I spent last week in Las Vegas covering all the consumer electronics news from CES 2019. The annual conference represents an opportunity for companies both big and small to dazzle press and analysts like myself. The last time that AMD took the big stage in Las Vegas was back in 2002, when then-CEO Hector Ruiz keynoted Comdex (the special guest, for that matter, was none other than NVIDIA CEO Jensen Huang and Slash). Things have clearly changed a lot since then, and I was excited to see what CEO Lisa Su had up her sleeves to commemorate the company’s return to the big stage. Let’s just say I was not disappointed. Here’s my take on AMD’s news from the event, and my take on it.
AMD Radeon VII more performance than expected
In my opinion, the big jaw-dropper from the conference was the unveiling of AMD’s new Radeon VII graphics card, marking the company’s re-entry into the consumer performance space after a 5 year hiatus. It calls Radeon VII “the world’s first 7nm gaming GPU,” though I believe it will also do best in the creative space.
Radeon VII was designed on AMD’s 2nd generation Vega architecture, and features 60 compute units and 3,840 stream processors running up to 1.8GHz. AMD claims, on average, 29% more gaming performance than the AMD Radeon RX Vega 64 GPU, and as much as 36% better performance in content creation. Additionally, the GPU features 16GB of HBM2 memory (twice that of the top AMD Radeon RX Vega 64 GPU), 1TB/s memory bandwidth (2.1x the Radeon RX Vega 64), and a 4,096-bit memory interface.
At 16GB of memory, The Radeon VII will outstrip today’s game memory requirements but will be best for content creation. It should excel at 3D rendering and video editing projects, as well as next-generation compute workloads. While not targeted at crypto-currency, I believe it will likely scream given its memory, memory bandwidth and compute capabilities.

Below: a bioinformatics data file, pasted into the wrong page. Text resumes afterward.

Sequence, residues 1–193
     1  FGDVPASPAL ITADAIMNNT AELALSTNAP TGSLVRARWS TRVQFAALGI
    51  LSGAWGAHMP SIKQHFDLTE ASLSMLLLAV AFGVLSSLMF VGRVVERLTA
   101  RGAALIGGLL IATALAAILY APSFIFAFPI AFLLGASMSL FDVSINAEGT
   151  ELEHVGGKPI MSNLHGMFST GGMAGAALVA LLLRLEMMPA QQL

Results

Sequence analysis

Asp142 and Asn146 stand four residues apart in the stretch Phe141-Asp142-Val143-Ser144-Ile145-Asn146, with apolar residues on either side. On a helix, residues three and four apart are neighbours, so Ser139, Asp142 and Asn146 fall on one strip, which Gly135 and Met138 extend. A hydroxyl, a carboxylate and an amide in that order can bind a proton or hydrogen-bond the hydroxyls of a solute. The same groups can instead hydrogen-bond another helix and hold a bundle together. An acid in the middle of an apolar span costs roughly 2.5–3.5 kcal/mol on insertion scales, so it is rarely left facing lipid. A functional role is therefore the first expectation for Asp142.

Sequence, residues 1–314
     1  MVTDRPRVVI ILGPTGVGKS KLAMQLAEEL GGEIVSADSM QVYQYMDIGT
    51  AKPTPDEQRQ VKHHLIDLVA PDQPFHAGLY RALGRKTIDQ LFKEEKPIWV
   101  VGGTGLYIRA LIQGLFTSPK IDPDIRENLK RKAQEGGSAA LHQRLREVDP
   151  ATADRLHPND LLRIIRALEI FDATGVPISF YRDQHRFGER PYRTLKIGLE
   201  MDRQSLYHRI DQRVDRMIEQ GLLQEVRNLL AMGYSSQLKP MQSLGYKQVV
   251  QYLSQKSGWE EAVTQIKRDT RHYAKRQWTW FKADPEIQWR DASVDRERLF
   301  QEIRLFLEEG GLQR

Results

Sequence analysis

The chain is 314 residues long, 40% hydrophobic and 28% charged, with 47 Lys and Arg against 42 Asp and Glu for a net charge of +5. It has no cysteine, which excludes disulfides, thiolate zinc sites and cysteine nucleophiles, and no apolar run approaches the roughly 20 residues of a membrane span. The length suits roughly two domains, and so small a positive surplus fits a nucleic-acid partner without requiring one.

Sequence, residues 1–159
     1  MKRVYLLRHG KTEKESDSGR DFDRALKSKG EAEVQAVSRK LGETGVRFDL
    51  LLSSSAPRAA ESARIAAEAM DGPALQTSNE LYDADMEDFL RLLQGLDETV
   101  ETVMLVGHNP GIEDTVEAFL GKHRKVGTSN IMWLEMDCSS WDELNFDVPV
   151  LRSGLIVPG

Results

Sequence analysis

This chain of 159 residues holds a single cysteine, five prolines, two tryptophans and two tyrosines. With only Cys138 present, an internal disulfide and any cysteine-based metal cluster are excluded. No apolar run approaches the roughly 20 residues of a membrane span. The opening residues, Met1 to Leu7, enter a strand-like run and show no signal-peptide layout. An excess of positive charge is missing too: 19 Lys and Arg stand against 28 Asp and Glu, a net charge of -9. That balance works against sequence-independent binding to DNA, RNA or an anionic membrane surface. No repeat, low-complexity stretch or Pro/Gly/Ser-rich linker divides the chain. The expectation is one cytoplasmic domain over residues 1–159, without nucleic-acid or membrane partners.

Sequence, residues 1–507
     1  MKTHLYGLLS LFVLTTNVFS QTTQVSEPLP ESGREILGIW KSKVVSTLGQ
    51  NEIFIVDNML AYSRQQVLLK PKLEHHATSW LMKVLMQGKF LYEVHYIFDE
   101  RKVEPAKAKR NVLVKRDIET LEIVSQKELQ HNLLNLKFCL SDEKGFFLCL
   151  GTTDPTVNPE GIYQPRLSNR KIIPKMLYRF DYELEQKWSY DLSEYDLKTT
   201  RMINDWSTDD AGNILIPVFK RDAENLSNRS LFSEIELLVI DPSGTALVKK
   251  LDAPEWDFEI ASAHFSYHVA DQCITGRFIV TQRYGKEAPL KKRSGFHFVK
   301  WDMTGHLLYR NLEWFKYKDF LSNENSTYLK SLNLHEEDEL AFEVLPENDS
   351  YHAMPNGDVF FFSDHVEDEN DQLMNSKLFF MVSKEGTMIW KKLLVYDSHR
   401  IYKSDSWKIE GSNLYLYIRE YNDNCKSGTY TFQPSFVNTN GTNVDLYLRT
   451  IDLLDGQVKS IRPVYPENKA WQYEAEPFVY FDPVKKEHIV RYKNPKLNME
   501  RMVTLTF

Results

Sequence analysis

While the Radeon VII will do best at content creation, in gaming, AMD says that the Radeon VII is well-suited for VR, esports, and AAA titles, and I have no reason to believe that’s not true. If it can deliver on the benchmarks it flashed at the keynote and those are consistent across many games, AMD will be sitting better than it has sat in gaming for years.
I consider the Radeon VII CES announcement a “sneak peek” and am looking forward to availability and competitive benchmarks. I believe AMD’s degree of success with the Radeon VII will be directly related to how many it can make and indirectly related to consumers’ desire for accelerated ray tracing and gaming AI.
Whatever lens I look through, AMD desktop graphics are in much better place perceptually than it was before Radeon VII and now it’s up to AMD and its partners to make that a reality.
New Ryzen notebook processors and OEM systems announced
Before the keynote, AMD officially announced its 2nd generation Ryzen Mobile Processor with Radeon Vega Graphics at the event. AMD is heralding this processor as “the world’s fastest” for ultrathin laptops, and promising 12 hours of general productivity battery life (and 10 hours of video playback). The processor supports 4K HDR video and includes Microsoft Modern PC features. My take? If the 2nd Gen Ryzen actuallyprovides 12 hours (not fake MobileMark), this could be huge—it would be longer than any other notebook. I’m looking forward to the reviews and testing it out for myself.